BY PAIGE JARREAU
Meet David Fertitta, student researcher and science communicator extraordinaire. David not only graduated this year from LSU’s Coastal Environmental Science undergraduate program with a minor in Math, but he graduated as a CxC Distinguished Communicator. He is as passionate about science communication as he is about the ocean.
“My research interests include understanding how ocean circulation is involved with climate change, so understanding how to communicate research is important.” – David Fertitta
The CxC Science Studio recently chatted with David on Twitter about his experiences communicating science as an undergraduate student at LSU. Read our Q&A with David below to learn more about how he got involved with science communication, and how you can too.
CxC Science: Can you tell us briefly about yourself? What are your science interests and passions? And perhaps more importantly, what do you do for fun?
David: I am recent graduate of the Coastal Environmental Science program at LSU. I am interested in oceanography and will be attending the University of Washington in the fall to pursue a PhD in Oceanography. I am passionate about oceans and learning how climate change affects both the oceans and the world, which led to my studying oceanography. But outside of my career path, I enjoy food, travel, and spending time outside.
“I grew up on the MS Gulf Coast experiencing the sea at a young age but seeing the impact of Katrina really showed its importance.” – David Fertitta
CxC Science: You were a Summer Student Fellow at the Woods Hole Oceanographic Institution in 2015. You have said that experience taught you the importance of communicating science. Can you tell us more about that?
David: I first learned the importance of communicating science as part of the CxC Distinguished Communicators program. Good communication seemed to be important in every field. However, it wasn’t until I worked as a Summer Student Fellow at the Woods Hole Oceanographic Institution that I truly became aware of how important it was to know about science communication.
There I saw the distinction between and the different skill sets needed for communicating within my field and communicating to a larger audience. Good communication within my field is exciting as it can share ideas and leads to scientific collaboration. My communication skills have helped me with presentations at conferences.
However, the skills need to communicate to a broader audience is something that many people seem to lack. Since my research interests involve climate change, it seems even more crucial to know how to communicate to broader audiences because of public misconceptions of the topic.
“To me [science communication] meant communicating research results, but have I learned it is a much broader topic than I could have imagined.” – David Fertitta
CxC Science: What is your favorite aspect of your own scientific research? What about science communication?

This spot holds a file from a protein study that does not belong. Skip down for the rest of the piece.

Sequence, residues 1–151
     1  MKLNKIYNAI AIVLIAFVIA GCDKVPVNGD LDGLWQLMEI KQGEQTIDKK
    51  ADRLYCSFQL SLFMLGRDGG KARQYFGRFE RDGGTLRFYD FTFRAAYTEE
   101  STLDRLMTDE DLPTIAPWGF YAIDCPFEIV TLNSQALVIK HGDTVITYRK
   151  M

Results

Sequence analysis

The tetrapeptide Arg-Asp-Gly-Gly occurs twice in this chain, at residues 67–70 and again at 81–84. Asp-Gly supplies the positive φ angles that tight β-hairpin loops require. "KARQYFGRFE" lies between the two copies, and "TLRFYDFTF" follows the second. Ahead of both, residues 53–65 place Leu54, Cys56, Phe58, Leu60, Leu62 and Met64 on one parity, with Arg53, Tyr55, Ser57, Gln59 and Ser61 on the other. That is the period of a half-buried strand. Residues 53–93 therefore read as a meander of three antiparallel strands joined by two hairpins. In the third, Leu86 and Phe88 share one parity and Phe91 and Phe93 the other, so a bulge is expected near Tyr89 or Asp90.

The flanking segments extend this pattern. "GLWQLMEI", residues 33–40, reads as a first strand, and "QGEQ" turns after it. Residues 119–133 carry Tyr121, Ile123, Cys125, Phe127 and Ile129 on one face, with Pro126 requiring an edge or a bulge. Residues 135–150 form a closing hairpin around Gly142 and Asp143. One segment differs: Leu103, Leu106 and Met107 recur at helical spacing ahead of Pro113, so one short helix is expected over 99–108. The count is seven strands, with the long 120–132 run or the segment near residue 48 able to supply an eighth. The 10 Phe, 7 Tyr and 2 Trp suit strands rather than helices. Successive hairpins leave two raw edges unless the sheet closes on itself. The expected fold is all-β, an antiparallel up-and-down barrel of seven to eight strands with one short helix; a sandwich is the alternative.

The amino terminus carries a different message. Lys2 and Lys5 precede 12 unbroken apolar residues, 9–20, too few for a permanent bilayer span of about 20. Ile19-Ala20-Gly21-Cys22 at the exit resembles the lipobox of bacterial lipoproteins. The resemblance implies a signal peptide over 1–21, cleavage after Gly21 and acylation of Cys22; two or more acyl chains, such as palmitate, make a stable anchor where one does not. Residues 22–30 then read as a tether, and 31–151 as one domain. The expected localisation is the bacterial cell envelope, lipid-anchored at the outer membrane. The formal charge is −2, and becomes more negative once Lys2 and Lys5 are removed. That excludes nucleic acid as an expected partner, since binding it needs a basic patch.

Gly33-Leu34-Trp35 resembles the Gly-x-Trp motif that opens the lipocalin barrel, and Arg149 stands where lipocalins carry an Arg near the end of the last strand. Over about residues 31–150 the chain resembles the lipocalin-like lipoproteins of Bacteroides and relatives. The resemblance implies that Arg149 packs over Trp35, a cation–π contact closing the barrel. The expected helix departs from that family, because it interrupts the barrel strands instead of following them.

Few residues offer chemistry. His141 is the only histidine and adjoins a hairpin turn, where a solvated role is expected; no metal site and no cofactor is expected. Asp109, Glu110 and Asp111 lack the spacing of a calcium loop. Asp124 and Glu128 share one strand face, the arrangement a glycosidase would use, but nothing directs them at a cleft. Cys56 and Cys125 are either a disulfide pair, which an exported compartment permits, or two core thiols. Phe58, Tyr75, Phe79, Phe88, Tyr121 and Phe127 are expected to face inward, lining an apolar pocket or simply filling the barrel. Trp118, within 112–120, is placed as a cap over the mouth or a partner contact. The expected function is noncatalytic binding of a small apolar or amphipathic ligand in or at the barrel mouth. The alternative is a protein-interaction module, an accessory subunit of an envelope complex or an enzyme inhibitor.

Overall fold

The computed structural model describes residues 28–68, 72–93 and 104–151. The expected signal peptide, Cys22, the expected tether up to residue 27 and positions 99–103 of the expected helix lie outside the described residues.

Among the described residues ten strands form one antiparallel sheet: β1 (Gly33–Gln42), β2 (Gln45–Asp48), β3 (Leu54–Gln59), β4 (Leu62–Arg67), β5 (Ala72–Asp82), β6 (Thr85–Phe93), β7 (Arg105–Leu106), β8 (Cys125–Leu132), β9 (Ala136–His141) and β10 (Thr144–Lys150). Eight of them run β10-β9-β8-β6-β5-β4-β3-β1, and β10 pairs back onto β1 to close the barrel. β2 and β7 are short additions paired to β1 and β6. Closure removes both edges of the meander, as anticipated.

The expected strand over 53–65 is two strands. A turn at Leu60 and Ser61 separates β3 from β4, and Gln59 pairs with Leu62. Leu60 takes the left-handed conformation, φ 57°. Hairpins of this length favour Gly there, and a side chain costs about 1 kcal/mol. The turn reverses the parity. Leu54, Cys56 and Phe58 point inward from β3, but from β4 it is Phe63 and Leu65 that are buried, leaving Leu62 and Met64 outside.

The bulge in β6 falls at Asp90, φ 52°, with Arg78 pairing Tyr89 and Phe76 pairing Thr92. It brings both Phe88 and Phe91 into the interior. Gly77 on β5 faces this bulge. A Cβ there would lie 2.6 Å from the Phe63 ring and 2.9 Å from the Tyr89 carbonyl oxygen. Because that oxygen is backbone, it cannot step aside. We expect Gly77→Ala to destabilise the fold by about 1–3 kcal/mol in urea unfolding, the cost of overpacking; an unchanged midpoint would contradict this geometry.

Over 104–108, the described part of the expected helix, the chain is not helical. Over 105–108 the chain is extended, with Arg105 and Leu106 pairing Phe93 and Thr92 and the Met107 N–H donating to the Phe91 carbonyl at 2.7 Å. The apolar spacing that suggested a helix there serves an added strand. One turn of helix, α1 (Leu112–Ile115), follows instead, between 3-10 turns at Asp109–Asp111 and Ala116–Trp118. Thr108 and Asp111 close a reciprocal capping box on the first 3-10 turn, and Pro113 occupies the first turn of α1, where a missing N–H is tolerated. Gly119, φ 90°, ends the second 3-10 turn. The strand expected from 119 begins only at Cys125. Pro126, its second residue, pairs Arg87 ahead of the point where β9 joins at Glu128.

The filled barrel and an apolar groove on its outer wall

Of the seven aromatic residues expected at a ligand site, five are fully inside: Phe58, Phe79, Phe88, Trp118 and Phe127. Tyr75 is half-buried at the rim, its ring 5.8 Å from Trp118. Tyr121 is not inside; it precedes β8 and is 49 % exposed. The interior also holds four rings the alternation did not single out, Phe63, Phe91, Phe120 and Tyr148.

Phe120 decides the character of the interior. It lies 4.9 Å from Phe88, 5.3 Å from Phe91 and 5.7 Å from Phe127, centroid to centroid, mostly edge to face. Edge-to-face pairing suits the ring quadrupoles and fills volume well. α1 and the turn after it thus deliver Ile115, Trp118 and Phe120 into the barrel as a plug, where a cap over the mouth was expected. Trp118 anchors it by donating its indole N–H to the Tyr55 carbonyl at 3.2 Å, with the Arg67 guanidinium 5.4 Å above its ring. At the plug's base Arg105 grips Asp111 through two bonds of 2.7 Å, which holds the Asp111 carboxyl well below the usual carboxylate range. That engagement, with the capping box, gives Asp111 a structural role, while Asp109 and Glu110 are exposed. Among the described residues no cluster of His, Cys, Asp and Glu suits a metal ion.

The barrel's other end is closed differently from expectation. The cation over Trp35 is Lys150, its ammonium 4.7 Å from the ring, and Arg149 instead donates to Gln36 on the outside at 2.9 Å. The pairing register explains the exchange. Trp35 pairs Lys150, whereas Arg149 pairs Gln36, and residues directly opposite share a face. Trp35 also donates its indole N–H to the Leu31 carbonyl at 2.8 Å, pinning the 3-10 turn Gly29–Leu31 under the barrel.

David: As for my research, I love learning more about the ocean and how the climate is changing our oceans and the world in which we live. It also doesn’t hurt that I get to go to sea from time to time for research.
With communication, I am able to get a different type of enjoyment though. It’s very rewarding when I can tell someone has learned from what I said or if I have unearthed someone’s interest in a scientific topic.
CxC Science: What would you say are some of the most useful, practical or important lessons about communicating science that you’ve learned as an undergraduate student?
David: When I first started out at LSU, I never would have thought I would have been good enough at communication to graduate as a Distinguished Communicator. But I was able to learn from presentations that did not go well at all, and I continued to improve.
I found it best to seek out as many opportunities as I could to learn and continue to practice and become more confident. As I continued to learn more about communication, it became easier and I gained more confidence and was able to bring more of my personal experiences and insights into my communication to better connect with audiences.
“I try to use analogies that my audience will understand or discuss my personal experiences to show why I have an interest.” – David Fertitta
CxC Science: What advice do you have for other students potentially interested in getting into science communication?
David: Seek out as many opportunities as you can. Not every presentation goes well – none of my freshman ones did).
Looking for opportunities to share your research? Visit us at the CxC Science Studio in Coates 151 to learn more about opportunities to present at research conferences, how to start a science blog or how to talk informally about science with others. Follow us on Twitter, @cxcsci, and on Instagram @LSUcxcScience.